Listening to the music of Siempre Más Allá, it certainly seems that the young French pianist, Adrien Brandeis has strengthened the belief that he is a proverbial citizen of the Afro-Caribbean universe. To be clear Mr Brandeis still loves all music and swings as hard as any pianist who loves Black American Music – that is, music that you can sing and dance to. But also continues to be beguiled by the rolling thunder of Afro-Caribbean music. The wild call of the rhythms and the joie de vivre of the questing melodies and harmonies not only appeal to his ear, but also speak to him in the hidden parts of his heart.

By his own admission Siempre Más Allá took root during three tours to Mexico undertaken under the aegis of the Fédération des Alliances Françaises du Mexique. The virtually all-Afro-Cuban repertoire of the album radiates charm at every turn. These disarmingly natural and eloquent performances bring out the music’s inherent drama and penchant for tumbao with a deft touch while indulging Brandeis’ lyrical instincts to the full. Meticulously balanced, the four quartet pieces, the trio and duo pieces feel as if they are chamber works. Brandeis’ astonishingly insightful playing is musically captivating and technically blemishless. Each phrase rings so completely true that one can’t imagine the music played any other way.

Adrien Brandeis: Siempre Más Allá
Adrien Brandeis: Siempre Más Allá

The album features Mr Brandeis and a group of very accomplished musicians. These include the celebrated Cuban percussionist Roberto Vizcaíno Guillot [on two tracks] and his son Roberto Vizcaíno Jr., Mexican drummer José Loria Triay make up the wall of percussion. The Brasilian bassist Giliard Lopes brings his distinctive veritas to the whole rhythm section. The big surprise here is, perhaps, the presence of the great Cuban Horacio “El Negro” Hernández sitting in the drum chair on La buena vibra.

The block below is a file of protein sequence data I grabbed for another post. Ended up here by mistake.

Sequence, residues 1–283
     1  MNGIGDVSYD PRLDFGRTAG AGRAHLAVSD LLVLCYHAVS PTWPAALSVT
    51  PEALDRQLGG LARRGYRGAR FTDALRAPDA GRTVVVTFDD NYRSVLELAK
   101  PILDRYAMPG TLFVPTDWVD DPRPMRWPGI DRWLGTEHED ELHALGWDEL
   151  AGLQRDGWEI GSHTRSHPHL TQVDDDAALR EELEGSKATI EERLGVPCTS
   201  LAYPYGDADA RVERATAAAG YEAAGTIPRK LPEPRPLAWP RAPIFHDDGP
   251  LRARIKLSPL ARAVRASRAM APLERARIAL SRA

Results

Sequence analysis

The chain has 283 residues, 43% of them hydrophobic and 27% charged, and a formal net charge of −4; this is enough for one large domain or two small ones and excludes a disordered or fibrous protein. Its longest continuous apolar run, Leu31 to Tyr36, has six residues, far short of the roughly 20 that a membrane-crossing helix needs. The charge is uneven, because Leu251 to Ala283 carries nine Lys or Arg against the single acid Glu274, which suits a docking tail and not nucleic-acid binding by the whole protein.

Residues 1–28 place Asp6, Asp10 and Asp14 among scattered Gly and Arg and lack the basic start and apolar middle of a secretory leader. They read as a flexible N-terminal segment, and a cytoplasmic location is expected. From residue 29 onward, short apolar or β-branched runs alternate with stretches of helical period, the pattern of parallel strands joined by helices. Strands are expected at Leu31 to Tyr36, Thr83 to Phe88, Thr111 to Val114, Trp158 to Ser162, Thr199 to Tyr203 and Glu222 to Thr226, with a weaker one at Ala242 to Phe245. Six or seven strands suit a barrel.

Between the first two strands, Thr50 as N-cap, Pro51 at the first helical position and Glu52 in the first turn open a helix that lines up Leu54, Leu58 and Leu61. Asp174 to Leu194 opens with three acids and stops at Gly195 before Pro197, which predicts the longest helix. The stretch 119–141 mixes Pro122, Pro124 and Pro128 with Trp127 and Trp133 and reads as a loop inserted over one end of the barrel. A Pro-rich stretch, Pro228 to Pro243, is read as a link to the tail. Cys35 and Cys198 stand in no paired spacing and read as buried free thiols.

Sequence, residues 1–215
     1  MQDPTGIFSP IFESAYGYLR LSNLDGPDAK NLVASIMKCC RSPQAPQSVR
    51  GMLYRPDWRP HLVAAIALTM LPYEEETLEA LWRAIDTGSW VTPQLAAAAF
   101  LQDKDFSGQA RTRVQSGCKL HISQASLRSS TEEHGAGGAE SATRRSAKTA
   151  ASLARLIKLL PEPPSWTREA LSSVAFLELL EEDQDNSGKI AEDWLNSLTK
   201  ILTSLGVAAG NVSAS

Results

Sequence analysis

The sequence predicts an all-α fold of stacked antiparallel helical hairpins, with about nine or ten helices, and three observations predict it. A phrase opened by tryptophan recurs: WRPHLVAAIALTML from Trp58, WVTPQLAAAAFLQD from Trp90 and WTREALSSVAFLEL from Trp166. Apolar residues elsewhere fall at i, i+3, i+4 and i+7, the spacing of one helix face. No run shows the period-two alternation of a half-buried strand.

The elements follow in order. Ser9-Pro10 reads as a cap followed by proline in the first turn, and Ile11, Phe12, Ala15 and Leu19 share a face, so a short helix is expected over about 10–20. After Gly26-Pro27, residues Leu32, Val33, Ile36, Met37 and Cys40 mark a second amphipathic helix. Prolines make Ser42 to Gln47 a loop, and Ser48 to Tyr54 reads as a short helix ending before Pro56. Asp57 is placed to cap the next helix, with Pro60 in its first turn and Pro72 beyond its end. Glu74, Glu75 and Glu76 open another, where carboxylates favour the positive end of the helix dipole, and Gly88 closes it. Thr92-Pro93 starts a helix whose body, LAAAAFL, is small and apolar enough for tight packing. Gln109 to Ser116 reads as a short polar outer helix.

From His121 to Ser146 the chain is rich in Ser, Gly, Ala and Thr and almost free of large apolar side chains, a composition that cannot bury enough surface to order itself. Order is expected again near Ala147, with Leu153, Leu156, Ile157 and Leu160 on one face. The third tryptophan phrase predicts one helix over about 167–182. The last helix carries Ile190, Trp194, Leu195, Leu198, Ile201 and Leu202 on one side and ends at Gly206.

Siempre Más Allá is an affirmation of Brandeis’ enduring love and natural affinity for Latin music. Not surprisingly the music seems to echo the famous Latin American phrase: “¡Que rico bailo yo!” [which, in English, exclaims: “How well I dance!”]. This is no hyperbole as the music – in its pulses and rhythms show as Brandeis traverses the rhythmic topography of the Caribbean and Latin America. Along the way Brandeis plunged into the world of changüí, the chacarera, Brasilian gaucho music and the ancient melodic thunder of bàtá drums.

From the get-go listeners will find themselves immersed in quite another world of rippling percussive grooves. The track Ek Bakam, for instance, conjures the intricate architecture; the line and flow of an epic Mayan civilisation located in the Yucatan. Narratives from the Latin world abound – often paying homage to famous traditional musicians. Pancho’s Power is one such chart inspired by the vivid world of the legendary trio Los Panchos. Brandeis gives his percussion section a lot of space when he puts the spotlight on them on Tierra de Oportunidades – a wistful memory of the pianist’s three tours to Mexico, which is also incidentally the popular provincial slogan of the Mexican state of Guanajuato. On Huachi-Huachi Brandeis digs deep into the epicurean delights of the only Latin country in North America with this song in praise of a kind of gourmet Mexican fish: the huachinango.

Brandeis then celebrates his association with percussion colourist Roberto Vizcaíno Jr. with the extraordinary music of Vizcaíno Blues, a piece unique with its exploratory chromaticisms and elegant sonorities that beautifully capture the eloquence of the percussionist in whose praise the music is written. Mindful of the fact that Vizcaíno is Cuban but makes his home in Mexico, Brandeis shapes the rhythmic and harmonic palette of the piece accordingly. On La Buena Vibra Brandeis delivers astonishing pianistic fireworks in the piece’s melodic and harmonic lines, played at a frenetic pace, to mirror the style of its dedicatee, Michel Camilo. The pianist demonstrates an authentic home-grown grasp of Cuban music as he reimages Voy a Apagar la Luz, by the legendary and late-singer Armando Manzanero, here adapted as a wistful solo piano work. Meanwhile on the dizzying ride of Humpty Dumpty the pianist pays homage to another idol: Chick Corea, by revisiting the sparkling composition of the recently-deceased piano maestro.

It is hard not to be mesmerised by this spirited and finely nuanced music artfully crafted in an album by Adrien Brandeis, a pianist who is about to take the world by storm with a recording that is going to be one of the finest by any musician located outside the Latin American sub-continent.

Deo gratis…

Tracks – 1: Huachi Huachi; 2: Alegría; 3: Pancho’s Power; 4: Ek balam; 5: Un peu d’espoir; 6: Vizcaíno’s Blues; 7: Tierra de oportunidades; 8: Humpty Dumpty; 9: La buena vibra; 10: Voy a apagar la luz

Musicians – Adrien Brandeis: piano; Giliard Lopes: contrabass; José Loria Triay: drums; Roberto Vizcaíno Jr: congas and bàtá drums. Featuring Roberto Vizcaíno Guillot: percussion [1, 6]; Horacio “El Negro” Hernández: drums [9]

Released – 2022
Label – Mantodea Music Productions
Runtime – 58:25

YouTube Video – Adrien Brandeis – Siempre más allá (EPK)

YouTube Audio – Adrien Brandeis – Vizcaíno’s Blues